Murder in the Generative Kitchen

Tea & Review: Murder in the Generative Kitchen

(Graphic Courtesy of World Weaver Press)

Murder in the Generative Kitchen

by: Meg Pontecorvo

Meg Pontecorvo’s Murder in the Generative Kitchen poses many relevant questions that in today’s society we seem to be scratching the surface of.

Technology is such a theme in itself. We, as a people, are constantly looking to improve and grow our technology. We keep trying to get technology to fill the gaps and the spaces in our lives that we feel are lacking.

A lot of what Pontecorvo does reminded me a lot of the show Black Mirror, but Pontecorvo is clever. She doesn’t make the central theme as obvious. She makes her readers work for it.

We open the book to a beginning of a trial. A woman is charged with the murder of her husband using the couple’s artificial intelligence kitchen.

We are meant to think the trial is the focus, that the novella is a futuristic Law & Order,  but it isn’t. Far from, actually.

The trial is just a planet rotating around the Sun.

In this world that Pontecorvo has created, jury duty isn’t something that we desperately try to get out of. Jury duty is a paid vacation, where jurors are allowed to stay at a resort while listening to testimony. Honestly, the incentive to do jury duty doesn’t sound so bad when you hang a free vacation over my head.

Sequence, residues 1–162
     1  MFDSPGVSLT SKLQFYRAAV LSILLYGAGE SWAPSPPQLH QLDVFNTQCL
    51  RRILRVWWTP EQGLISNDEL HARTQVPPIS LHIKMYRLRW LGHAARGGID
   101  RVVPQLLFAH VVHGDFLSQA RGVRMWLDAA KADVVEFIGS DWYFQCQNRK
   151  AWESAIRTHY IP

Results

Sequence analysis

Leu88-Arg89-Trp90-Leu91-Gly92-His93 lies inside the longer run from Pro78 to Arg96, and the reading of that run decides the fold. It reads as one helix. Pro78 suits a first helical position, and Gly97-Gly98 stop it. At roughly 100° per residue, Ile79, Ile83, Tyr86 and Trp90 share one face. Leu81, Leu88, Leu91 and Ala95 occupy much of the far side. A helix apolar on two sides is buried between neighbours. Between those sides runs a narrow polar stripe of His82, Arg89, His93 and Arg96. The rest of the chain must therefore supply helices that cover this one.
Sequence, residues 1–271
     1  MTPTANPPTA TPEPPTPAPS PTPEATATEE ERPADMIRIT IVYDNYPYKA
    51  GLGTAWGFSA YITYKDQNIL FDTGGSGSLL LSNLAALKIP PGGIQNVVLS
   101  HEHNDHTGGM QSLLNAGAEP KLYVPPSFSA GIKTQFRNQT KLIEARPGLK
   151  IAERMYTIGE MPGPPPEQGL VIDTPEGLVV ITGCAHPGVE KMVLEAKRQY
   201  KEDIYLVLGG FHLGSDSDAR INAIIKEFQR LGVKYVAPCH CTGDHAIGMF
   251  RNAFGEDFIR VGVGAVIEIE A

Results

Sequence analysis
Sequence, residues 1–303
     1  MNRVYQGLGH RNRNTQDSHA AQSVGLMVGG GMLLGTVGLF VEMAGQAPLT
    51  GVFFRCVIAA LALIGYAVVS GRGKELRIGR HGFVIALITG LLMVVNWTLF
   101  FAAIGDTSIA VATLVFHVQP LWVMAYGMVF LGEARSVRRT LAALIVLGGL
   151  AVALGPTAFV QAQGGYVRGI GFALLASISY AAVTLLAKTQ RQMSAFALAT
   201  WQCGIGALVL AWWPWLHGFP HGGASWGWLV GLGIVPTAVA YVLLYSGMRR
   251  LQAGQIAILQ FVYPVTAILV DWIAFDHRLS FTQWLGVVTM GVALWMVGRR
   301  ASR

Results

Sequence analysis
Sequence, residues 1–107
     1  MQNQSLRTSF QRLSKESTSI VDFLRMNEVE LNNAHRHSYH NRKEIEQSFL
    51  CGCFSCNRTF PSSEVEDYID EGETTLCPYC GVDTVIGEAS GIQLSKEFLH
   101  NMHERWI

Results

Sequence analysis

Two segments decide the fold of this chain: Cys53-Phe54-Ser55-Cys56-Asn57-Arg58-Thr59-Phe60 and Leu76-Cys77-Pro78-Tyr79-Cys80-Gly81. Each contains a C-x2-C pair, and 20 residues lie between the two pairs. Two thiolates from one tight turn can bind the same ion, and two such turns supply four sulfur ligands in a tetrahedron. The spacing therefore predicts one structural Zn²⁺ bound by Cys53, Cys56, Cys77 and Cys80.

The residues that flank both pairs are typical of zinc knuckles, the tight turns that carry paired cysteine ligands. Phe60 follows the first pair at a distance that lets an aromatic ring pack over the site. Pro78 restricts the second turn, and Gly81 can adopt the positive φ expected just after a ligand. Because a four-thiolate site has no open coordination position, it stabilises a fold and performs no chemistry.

It all seems too good to be true. An all expensed paid vacation while you stream the day’s courtroom arguments. In some ways, even in the book, it is too good.

Our protagonist, Julio Gonzales, is a man who appreciates the luxuries of life. His jury service intersects with his “break” from his partner Toni. The two seem like two very different people. Toni doesn’t seem like one for glam, according to Julio’s description. Whereas, he wouldn’t mind if she “looked nice” every once in a while.

On his relationship break/vacation, Julio’s time observing the trial is segmented by his fascination with a beautiful woman. However, the rules of the trial prevent him from speaking to other jurors which make it rather difficult to make a love connection.

The trial’s progression syncs up with Julio’s character development. The more he hears the two sides argues the more he doubts the woman committed the murder.

Pontecorvo wants Julio caught up in the hype of the process. She wants him just as invested, just as the reader is.  She wants him to get trapped in the surface of the circus of what the trial’s defendant is drowning in. Pontecorvo succeeds in developing a sense of apathy from Julio that wasn’t as apparent in the beginning and makes the reader take a step back and assess the similarities in their own world.

Pontecorvo haunts readers (and Julio) as she lifts the veil of perception. She weaves a cautionary tale that in this reality: beauty and youth are only as skin deep as we can make it.  That when you break it down to the bare essentials, surplus doesn’t necessary mean happiness. And justice, ever reliant justice, is a rarity even for the innocent.

Murder in the Generative Kitchen is published by World Weaver Press.

Leave a Reply